How Different religions define "need"

From the Quora discussion "What defines the concept of "need" in various spiritual and religious traditions?"

Thanks for the A2A Jeff.

An interesting question that has me doubling back on my own thoughts a bit. Hmmm. Well here is my take....

- There is "meeting the needs of others" (Bud, Chr, Isl, Hin, Jud, etc.) in the sense of service to them in multiple contexts - compassion towards everyone in society, as a loving duty to one's community of faith, as a responsibility to one's family, as an obligation to do what is prosocially just and right, and so on. This often refers to material generosity, or to basic physical needs (food, shelter, clothing, etc.), but also counsel, emotional comfort, encouragement, patience, forgiveness, affection and other supportive actions. So psychosocial "needs" as well. Whether it is called compassion or charity or service or dāna or agape or tzedakah or whatever, the relatively consistent idea seems to be to relinquish acquisitiveness, self-protective egotism and indifference in favor of an outpouring of caring via whatever material, emotional and spiritual resources are available to the giver (and most notably in the form of wise actions that are discerning as to the type of support that should be provided).

- There are also needs that would be defined as "things that are required to achieve spiritual objectives." So, for example, a Christian "needs" to confess their sins and be baptized; a Buddhist "needs" to take refuge in the Buddha, Dharma and Sangha; a Muslim "needs" to perform the Hajj at least once; a Hindu "needs" to practice the Pancha Nitya Karmas. These are of course just examples from different traditions, and are not intended to be equivalent in import, but hopefully you see the point I am trying to make.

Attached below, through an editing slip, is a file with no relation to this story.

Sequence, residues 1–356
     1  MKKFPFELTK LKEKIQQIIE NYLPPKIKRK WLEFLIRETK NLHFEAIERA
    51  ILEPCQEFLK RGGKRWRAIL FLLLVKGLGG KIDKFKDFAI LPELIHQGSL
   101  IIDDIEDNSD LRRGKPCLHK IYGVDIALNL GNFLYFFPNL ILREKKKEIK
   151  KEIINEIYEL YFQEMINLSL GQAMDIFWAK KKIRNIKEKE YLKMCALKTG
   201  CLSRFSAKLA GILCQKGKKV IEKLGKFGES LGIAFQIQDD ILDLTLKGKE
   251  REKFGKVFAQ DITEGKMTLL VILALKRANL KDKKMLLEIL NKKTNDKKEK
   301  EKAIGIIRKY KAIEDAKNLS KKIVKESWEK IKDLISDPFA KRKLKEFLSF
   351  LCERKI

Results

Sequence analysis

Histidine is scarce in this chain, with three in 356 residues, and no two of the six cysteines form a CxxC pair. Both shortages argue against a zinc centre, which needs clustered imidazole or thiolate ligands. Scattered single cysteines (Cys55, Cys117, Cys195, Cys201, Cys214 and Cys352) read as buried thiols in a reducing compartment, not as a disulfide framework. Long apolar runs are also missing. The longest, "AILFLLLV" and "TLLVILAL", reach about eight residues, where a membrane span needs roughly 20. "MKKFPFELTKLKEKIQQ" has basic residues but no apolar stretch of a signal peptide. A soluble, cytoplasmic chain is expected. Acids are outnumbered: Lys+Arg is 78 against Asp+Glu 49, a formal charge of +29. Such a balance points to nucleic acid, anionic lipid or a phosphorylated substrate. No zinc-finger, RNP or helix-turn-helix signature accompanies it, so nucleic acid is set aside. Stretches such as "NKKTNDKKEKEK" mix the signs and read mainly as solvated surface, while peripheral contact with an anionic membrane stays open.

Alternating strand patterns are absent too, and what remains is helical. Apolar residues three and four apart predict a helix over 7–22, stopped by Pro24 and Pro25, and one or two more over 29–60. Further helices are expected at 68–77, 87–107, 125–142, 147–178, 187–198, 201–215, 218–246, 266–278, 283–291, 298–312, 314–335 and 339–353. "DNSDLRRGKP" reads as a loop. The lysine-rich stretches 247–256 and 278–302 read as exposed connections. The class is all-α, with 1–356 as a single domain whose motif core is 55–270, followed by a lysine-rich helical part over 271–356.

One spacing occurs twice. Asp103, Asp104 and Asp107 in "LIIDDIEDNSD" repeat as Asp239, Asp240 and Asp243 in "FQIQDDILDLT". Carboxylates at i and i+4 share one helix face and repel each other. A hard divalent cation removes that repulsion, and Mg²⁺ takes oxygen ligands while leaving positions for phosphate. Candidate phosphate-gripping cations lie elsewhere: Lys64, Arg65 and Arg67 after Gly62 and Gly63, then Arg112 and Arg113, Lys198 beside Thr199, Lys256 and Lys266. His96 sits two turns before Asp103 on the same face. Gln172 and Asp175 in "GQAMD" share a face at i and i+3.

So there are physical, emotional, spiritual and social "needs" here, all involved with both subsistence and transcendence, and all suggestive or demonstrative of a love that is both interpersonal and transpersonal. In the language of nearly all of the traditions I have studied, the central "need" behind all of this is to practice an unrestrained and unconditional love that recognizes, celebrates and serves that noble, sacred something in all beings - be it Ruh, Buddha nature, Divine spark, atman/Brahman, spirit of Christ, potential for enlightenment...or what have you. And of course that need is mirrored on the receiving side as well - the need to be loved. So there is really only one need that infuses and informs all others, and while the causation of that need is ineffable, its expression - its evidence in intentions, feelings, words, actions and other reification - results in shared qualities of praxis across nearly all major religions. So, it seems to me, there is much more commonality than contrast in those essential characteristics.

My 2 cents, and in any case a worthwhile mulling opportunity. Thanks.


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